Under the current system, NSC safety certificate applicants must provide the ministry with detailed information that the ministry confirms or assesses through a variety of authorized background checks.
The information includes:
Legal name, such as legal organization, incorporation number, or individual’s legal name;
Director/officer(s), which includes the name(s), driver licence number, birthdate(s), and all other associated carriers for whom the person may also act as director/officer;
Contact information, which includes business mailing and records address, e-mail address and phone number;
Drivers, which includes a list of drivers, driver licence numbers, birthdates, and driver abstracts for out-of-province drivers;
Service types, including service locations;
Vehicle inventory, which includes the number of and types of vehicles, licensed gross vehicle weight, vehicle registration, and VIN number;
Safety profiles, which requires the applicant to answer questions in regards to hiring policy, driver policy, Hours of Service policy, vehicle maintenance policy, and dangerous goods policy, and to identify the person responsible for each area;
Overall responsibility, which includes the name of the person that has overall responsibility for the carrier’s operation and NSC obligations; and
Completed declarations, which includes a declaration that the applicant, including the director/officer, has never had an unsatisfactory safety certificate, that the information provided in the application is true and accurate, and that the applicant is knowledgeable of NSC requirements.
Applicants may be tested on their knowledge of NSC requirements and/or to provide safety plans. Knowledge tests are administered if there are indications that the applicant is not knowledgeable of NSC obligations or if there is a suspicion that the applicant is associated with an unsafe carrier. Safety plans are required for applicants that have more than 5 vehicles, large buses, or if there is an indication that the applicant lacks knowledge of the requirements.
The ministry may approve an application with conditions, such as a satisfactory audit within a specific time period or limiting the number of vehicles permitted to operate under the safety certificate.
BCTA expressed concern that: the NSC application process does not adequately assess a carrier's understanding of its safety obligations; and it is too easy to switch from one NSC certificate to another to avoid sanctions.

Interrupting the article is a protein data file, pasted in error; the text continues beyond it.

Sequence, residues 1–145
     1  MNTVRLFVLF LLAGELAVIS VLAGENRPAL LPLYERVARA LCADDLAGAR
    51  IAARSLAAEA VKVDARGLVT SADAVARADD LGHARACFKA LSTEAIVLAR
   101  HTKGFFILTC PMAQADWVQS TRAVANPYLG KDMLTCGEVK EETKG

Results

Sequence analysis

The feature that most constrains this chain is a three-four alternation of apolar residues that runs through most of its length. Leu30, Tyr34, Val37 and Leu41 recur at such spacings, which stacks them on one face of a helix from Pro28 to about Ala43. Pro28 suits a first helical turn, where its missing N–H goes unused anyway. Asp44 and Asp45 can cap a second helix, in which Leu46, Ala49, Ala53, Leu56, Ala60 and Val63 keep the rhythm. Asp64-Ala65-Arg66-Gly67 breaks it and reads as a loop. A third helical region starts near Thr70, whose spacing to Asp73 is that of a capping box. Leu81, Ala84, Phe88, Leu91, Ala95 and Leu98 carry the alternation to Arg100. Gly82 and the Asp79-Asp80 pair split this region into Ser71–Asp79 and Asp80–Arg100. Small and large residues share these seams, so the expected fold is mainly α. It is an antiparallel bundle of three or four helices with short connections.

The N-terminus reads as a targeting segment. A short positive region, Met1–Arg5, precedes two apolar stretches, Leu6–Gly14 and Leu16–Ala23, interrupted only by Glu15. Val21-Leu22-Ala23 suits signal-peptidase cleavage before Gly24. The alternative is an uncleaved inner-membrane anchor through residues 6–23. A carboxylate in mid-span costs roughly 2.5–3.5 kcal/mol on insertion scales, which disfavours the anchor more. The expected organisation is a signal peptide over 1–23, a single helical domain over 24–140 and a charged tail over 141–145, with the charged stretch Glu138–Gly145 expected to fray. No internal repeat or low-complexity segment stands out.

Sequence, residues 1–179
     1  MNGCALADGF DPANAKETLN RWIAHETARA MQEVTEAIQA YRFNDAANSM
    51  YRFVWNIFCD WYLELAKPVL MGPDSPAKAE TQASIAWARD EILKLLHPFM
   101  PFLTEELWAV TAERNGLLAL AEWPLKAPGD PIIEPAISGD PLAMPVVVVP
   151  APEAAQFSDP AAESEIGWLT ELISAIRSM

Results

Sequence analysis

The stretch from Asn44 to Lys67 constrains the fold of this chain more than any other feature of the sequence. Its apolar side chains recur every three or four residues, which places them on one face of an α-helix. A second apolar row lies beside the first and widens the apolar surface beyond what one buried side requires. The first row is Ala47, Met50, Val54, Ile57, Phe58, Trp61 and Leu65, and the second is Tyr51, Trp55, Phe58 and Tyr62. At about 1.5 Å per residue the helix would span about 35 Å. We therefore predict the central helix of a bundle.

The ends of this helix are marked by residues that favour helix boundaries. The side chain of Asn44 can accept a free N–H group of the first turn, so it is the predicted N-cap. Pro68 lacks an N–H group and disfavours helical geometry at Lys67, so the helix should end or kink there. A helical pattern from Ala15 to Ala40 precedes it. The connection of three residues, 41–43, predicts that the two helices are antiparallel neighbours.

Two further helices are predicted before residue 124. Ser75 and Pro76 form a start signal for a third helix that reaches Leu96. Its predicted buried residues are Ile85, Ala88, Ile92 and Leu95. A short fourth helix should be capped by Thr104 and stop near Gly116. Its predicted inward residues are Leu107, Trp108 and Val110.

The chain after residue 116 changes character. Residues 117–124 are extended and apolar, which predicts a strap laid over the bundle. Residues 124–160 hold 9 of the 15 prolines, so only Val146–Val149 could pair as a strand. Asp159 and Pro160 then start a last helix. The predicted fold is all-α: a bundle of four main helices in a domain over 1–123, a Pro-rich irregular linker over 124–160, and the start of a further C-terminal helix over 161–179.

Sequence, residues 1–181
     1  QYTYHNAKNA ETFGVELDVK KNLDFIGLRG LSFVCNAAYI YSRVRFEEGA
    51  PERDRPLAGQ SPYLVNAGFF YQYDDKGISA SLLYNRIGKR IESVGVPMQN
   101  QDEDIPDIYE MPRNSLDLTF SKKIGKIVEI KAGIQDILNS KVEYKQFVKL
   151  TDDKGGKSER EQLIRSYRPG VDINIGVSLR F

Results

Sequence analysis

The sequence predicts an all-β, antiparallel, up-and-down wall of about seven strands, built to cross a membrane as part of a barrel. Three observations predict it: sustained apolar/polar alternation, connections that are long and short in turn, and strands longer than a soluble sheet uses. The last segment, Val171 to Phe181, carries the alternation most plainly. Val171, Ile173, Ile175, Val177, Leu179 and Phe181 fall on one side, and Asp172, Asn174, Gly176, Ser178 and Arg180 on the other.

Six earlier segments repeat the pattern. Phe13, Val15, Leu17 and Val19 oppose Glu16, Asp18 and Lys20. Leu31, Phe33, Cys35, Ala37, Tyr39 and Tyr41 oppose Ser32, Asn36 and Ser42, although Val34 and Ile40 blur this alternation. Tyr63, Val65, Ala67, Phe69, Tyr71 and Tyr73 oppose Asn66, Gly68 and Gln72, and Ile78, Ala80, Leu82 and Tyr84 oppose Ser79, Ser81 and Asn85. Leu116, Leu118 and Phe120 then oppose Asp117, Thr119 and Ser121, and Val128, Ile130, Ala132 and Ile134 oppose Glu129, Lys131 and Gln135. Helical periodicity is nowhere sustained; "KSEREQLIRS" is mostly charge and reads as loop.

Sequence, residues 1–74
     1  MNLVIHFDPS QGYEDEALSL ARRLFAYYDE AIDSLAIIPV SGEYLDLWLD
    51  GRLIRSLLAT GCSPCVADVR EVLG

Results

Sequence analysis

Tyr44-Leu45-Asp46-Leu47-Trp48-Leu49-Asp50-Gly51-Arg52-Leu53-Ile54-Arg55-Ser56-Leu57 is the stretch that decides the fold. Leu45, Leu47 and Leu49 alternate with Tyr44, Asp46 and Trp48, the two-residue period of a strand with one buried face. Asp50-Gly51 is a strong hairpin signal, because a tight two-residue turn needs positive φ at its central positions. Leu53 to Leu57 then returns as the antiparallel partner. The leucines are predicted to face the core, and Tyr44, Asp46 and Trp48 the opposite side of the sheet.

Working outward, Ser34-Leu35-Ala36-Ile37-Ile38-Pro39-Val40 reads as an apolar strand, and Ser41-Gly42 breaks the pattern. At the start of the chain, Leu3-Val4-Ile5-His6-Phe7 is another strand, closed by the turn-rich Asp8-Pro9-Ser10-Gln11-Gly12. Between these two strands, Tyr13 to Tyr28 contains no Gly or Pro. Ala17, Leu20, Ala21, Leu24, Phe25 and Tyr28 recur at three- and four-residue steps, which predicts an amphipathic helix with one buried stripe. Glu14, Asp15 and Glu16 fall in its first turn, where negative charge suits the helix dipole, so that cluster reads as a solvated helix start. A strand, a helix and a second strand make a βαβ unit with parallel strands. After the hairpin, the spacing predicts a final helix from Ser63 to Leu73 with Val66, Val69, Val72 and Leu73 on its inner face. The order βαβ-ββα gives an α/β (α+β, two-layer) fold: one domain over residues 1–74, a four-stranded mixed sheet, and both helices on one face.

Assessment of NSC Applications
Prior to the convening of the Task Force, the NSC application process did not always include a detailed assessment of an applicant’s knowledge of NSC requirements or of the processes the applicant had in place to manage its drivers and vehicles.
The application process is the appropriate point to establish the importance and relevance of the NSC system. Reasonable but firm expectations imposed on new NSC entrants at the application stage should relieve the burden on downstream monitoring, enforcement, and disciplinary stages.
Develop a robust application standard and evaluation process to review applicants for an NSC certificate.
Develop a rigorous examination to be administered at the time of application for an NSC certificate.
Audit companies granted a new NSC certificate, as appropriate, to verify the validity of the information included in their application, including the safety plan.
CVSE Action Plan:
As of April 2012, changes were made and the application process is now one of the most comprehensive in Canada. Changes include:
Implementation of knowledge tests for industry-specific operations (e.g., logging trucks, oil and gas service vehicles).
Increased the number of applicants required to take the knowledge test by 50% by winter 2013.
Increased the conditions in place on a certificate, such as number and size of vehicles of a carrier’s fleet.
Increase the number of verification audits by 25% by fall 2014 to determine if information provided in the application is accurate.
Require at least 50% of the applications including vehicles with a gross vehicle weight (GVW) over 11,794 kg to write a knowledge test by winter 2013.
Review the effectiveness of these knowledge tests on carrier safety by winter 2014.
Issue conditional safety certificates to applicants that list only vehicles with a GVW less than 11,794 kg.
Switching of NSC Certificates
NSC certificates currently do not have an expiry date and can remain inactive for years, potentially allowing carriers that are under investigation to move their operation to a dormant and unblemished NSC safety certificate.
Investigate the extent to which carriers are currently evading the consequences of poor safety management through operating without an NSC certificate, switching NSC certificates, and/or shifting the full burden of compliance on to individual owner-operators in their fleets by requiring them to acquire and use their own NSC certificate.
Require all NSC certificate holders to periodically review and update as required all information provided in their NSC application.
CVSE Action Plan:
Cancel 48,000 inactive safety certificates.
Monitor safety certificates and cancel those that have had no vehicles insured under the NSC number for more than 12 months.
Add a renewal clause to safety certificates by winter 2014.
(National Safety Code Review: Improving Commercial Vehicle Safety in BC, pp. 9 to 11.)
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